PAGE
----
NPR Uncovers More Info on POPLINE Controversy
Morning Edition has a piece today on the POPLINE controversy, indicating that the issue arose because one recent issue of A Magazine “focused on abortion as a human rights issue and profiled abortion rights advocates around the world,” and USAID did not want these articles included in the database.
In other words, federally-funded USAID didn’t like the politics of one issue of the publication, so decided that it should not be accessible through the major database on global reproductive health.
It seems strange that this one specific issue of the magazine was targeted for removal because USAID objected to its “advocacy.” A quick search of POPLINE retrieved other citations that USAID could easily remove by this standard, such as a document from the International Women’s Health Coalition entitled, “The Global Gag Rule: putting politics before public health.”
I found records for numerous other publications that discuss global access to safe abortion as an important public health and women’s rights issue, such as a 2002 issue of Reproductive Health Matters which the editorial describes thusly: “These papers are by women’s health advocates, medical professionals, researchers and others working for safe, legal abortion in their countries. These papers advocate safe abortion as a public health goal and legal abortion as a woman’s right, including for marginalised populations such as refugee women.”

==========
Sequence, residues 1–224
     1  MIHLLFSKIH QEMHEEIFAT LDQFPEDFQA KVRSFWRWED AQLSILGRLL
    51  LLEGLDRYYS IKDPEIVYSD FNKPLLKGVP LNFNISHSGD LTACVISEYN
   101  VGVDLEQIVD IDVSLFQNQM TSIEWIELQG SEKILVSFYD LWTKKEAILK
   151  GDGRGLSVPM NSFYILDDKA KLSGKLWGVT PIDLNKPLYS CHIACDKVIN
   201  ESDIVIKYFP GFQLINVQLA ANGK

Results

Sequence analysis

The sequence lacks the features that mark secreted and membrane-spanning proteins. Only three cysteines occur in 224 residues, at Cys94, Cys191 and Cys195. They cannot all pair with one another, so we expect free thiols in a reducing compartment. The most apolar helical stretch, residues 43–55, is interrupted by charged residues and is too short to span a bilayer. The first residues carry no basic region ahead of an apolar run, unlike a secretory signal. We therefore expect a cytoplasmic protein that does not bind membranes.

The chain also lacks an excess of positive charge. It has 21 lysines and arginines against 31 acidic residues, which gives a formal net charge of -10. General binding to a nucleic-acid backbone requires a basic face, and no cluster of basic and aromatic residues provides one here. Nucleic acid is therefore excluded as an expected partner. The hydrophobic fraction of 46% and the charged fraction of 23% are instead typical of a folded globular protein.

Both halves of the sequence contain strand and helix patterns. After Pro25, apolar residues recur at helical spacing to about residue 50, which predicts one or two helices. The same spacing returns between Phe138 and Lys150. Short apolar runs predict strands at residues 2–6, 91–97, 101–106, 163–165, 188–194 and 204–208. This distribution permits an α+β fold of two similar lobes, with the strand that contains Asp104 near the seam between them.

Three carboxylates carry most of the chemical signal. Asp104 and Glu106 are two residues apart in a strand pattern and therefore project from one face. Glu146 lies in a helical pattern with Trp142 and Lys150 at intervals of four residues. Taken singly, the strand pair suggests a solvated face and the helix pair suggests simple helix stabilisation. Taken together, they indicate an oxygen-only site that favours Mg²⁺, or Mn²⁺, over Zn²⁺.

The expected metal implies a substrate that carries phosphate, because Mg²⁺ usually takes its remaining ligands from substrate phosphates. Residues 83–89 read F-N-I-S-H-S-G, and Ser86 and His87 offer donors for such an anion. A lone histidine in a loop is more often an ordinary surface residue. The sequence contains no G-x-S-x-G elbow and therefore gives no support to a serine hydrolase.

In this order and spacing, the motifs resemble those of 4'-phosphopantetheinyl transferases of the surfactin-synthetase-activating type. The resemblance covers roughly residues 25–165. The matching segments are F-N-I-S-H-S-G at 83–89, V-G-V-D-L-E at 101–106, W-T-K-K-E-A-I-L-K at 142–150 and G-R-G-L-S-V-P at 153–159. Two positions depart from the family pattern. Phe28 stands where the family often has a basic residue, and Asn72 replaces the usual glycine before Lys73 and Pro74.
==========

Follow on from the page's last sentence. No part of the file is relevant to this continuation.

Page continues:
What guarantee do we have that USAID will not also press for the removal of these and other citations? Will every individual reference that does not bolster their political agenda be removed quietly, with no notification to database users that they are not retrieving as much information as they should be? I am personally deeply offended by the suggestion that, when our government chooses not to fund a specific procedure, we should also be limited in our ability to find opinions opposing that position.
Ipas, the international reproductive rights and public health organization producing the magazine in question, has issued a response, in which they question the logic of USAID’s approach of restricting “the free flow of information about this important topic.” Ipas Vice President Ana Kumar stated: “Ipas approaches abortion from a human-rights and public health perspective. Thousands of women are dying from unsafe abortion and millions more are injured. Women are putting their lives at risk while we are dithering about words. How is this not a human-rights issue?”
Cross-posted at Our Bodies Our Blog.